Making the decision to file bankruptcy can be tough, and a great deal of preparation goes into a bankruptcy filing beyond filling out all of the paperwork. Actions you take or don't take, prior to filing for bankruptcy can have an effect on the success of your bankruptcy. Decisions you make before bankruptcy can have a negative impact on your bankruptcy filing. Here are five things you shouldn't do prior to filing for bankruptcy:
1. Racking Up New Debt
It can be tempting to continue using your credit cards, especially if you're already having trouble paying your bills. However, before you file for bankruptcy, your bankruptcy attorney should question your credit card usage. After filing, the bankruptcy trustee will certainly evaluate your credit card situation to determine if you've been making charges without the intent to pay them back. Likewise, the creditors will also be looking for individuals who went on a spending spree prior to filing for bankruptcy.
If you rack up a significant amount of debt in the ninety (90) days prior to filing for bankruptcy, your creditors may try to object to your bankruptcy. They may try to argue that you used the money without the intention of paying it back and that you shouldn't be allowed to discharge that debt.
Some of the activities that bankruptcy trustees and creditors look for include:
- Buying luxury items that cost more than $600 within 90 days of filing
- Taking out more than $875 in cash advances within 70 days of filing
- Making purchases within 70 to 90 days of filing
2. Not Filing Taxes
Failure to file your taxes before filing for bankruptcy can lead to a dismissal of your claim. The bankruptcy courts use your tax returns to help determine your current and past earnings and whether you are able to pay back your debts. If you don't have these documents, you won't be able to file for bankruptcy.
3. Moving Assets
It's tempting to want to get rid of your assets prior to filing for bankruptcy so you don't have to list it in your bankruptcy paperwork, but doing this can have negative consequences. Do not be tempted to sell, transfer for safekeeping or hide your assets prior to filing for bankruptcy. This is foolish. If you do engage in this behavior, you may be denied a discharge or be subject to criminal penalties. The bankruptcy courts will look to see if you've sold the property, transferred assets into someone else's name or if you're hiding any assets. Please don't put yourself into this position. It is not worth it.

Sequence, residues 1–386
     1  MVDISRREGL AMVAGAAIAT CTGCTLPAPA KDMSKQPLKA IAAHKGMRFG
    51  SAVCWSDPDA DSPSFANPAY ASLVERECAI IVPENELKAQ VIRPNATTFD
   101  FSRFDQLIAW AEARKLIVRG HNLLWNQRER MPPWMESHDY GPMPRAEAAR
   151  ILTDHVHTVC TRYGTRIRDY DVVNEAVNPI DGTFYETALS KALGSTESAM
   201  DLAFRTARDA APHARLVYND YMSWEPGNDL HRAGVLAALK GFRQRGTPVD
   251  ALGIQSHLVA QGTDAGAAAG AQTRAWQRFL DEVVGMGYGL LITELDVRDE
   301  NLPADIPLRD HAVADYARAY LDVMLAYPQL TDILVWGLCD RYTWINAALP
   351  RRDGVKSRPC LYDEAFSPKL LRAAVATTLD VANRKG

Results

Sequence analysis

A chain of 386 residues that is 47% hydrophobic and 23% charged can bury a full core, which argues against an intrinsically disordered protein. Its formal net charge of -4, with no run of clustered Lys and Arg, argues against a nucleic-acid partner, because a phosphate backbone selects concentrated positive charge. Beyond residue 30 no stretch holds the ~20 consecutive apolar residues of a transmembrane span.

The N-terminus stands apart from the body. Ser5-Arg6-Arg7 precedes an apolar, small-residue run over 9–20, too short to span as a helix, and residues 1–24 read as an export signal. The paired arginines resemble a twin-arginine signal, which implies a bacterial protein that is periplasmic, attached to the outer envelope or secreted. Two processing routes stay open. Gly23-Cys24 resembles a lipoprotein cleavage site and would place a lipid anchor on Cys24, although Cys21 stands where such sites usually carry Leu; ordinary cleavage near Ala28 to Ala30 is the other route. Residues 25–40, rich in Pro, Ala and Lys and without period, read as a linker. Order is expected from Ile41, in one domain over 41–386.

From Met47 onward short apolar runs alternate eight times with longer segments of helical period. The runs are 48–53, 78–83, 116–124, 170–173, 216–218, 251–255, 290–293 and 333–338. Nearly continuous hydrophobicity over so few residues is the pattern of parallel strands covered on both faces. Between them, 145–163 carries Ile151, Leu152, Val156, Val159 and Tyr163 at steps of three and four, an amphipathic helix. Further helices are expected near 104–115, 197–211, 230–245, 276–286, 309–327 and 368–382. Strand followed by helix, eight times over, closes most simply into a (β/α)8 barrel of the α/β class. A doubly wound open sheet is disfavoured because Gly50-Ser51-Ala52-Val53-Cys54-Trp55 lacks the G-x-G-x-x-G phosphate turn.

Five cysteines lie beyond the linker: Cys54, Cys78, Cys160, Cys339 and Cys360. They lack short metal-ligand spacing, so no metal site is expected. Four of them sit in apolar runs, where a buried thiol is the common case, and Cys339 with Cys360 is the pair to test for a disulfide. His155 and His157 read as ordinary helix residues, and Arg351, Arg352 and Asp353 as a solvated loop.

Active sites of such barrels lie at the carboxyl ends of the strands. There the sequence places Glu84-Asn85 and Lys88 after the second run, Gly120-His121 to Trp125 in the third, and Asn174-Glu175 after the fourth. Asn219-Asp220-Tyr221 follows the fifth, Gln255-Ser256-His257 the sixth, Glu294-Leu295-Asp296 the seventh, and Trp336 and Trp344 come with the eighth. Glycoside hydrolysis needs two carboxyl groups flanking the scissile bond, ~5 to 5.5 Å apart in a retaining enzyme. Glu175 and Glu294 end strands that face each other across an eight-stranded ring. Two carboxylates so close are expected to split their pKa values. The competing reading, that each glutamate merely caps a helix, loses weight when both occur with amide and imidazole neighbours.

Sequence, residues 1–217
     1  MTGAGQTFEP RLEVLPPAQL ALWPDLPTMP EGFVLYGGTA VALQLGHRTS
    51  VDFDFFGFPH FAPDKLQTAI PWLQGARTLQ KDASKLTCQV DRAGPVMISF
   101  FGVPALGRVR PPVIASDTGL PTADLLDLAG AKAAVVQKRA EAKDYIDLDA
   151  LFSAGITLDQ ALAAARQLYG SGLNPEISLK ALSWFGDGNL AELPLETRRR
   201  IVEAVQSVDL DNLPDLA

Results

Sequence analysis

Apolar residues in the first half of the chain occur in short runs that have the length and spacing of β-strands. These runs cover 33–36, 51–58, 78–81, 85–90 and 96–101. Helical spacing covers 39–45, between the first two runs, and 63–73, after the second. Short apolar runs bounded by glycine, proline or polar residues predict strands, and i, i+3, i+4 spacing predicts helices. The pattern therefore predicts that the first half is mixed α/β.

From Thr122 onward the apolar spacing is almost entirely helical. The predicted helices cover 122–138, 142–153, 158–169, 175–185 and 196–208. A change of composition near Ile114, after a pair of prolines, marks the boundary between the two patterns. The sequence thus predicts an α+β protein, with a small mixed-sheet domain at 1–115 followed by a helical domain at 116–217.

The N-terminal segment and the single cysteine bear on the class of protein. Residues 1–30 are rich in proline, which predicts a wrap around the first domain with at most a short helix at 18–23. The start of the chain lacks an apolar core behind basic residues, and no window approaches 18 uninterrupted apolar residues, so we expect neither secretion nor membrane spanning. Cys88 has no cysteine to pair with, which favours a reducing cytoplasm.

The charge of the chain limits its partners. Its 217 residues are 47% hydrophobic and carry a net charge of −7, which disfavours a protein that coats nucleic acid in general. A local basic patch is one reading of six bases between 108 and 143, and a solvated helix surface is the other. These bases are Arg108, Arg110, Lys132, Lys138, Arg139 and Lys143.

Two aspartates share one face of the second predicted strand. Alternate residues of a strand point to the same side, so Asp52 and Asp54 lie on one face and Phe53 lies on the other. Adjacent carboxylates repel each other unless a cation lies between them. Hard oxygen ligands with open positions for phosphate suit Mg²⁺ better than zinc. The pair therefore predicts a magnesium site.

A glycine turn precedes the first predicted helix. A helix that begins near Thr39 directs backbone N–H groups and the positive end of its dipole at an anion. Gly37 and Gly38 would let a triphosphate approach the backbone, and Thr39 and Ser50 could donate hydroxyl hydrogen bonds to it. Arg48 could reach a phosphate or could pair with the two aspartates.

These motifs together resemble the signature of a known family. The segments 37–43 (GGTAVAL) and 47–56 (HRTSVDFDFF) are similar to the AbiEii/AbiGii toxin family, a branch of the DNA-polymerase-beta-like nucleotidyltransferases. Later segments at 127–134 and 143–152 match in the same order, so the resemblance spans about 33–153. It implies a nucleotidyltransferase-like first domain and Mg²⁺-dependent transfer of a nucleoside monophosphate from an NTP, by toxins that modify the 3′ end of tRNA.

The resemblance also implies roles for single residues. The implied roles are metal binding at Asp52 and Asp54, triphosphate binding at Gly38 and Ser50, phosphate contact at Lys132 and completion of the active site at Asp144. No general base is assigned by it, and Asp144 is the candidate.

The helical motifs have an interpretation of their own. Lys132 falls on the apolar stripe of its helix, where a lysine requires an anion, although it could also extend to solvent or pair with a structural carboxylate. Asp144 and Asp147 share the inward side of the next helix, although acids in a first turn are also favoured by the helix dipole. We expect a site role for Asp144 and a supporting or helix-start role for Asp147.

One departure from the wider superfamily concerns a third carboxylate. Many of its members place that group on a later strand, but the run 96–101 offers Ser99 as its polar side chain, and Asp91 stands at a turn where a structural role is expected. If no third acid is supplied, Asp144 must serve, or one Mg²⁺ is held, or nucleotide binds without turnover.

4. Selectively Repaying Loans
When you file for bankruptcy, you may have the ability to pay back some of your debts. If you tried to pay back debts on your own prior to filing for bankruptcy, you'll need to disclose this information in your bankruptcy paperwork and during your meeting of creditors. For example, if you paid back a loan from your parents prior to filing for bankruptcy, you'll need to list this in your paperwork. Your bankruptcy trustee may try to get this money back because these types of payments are often seen as preferential debt payments. Making these payments isn't illegal, but it can have negative consequences if you try to hide this information during your bankruptcy.
5. Ignoring Pending Actions
No one enjoys being constantly contacted by creditors or collections agencies, especially when you don't have the ability to pay them back. However, you shouldn't just ignore the actions your creditors are trying to take. Let your creditors know that you're planning on filing for bankruptcy, and ask them to contact your attorney if they have any further questions or concerns.
If there's a chance that you're going to file for bankruptcy, avoid making these mistakes. If you've already made one or more of these mistakes, consult with an experienced bankruptcy attorney to discuss what your next steps should be.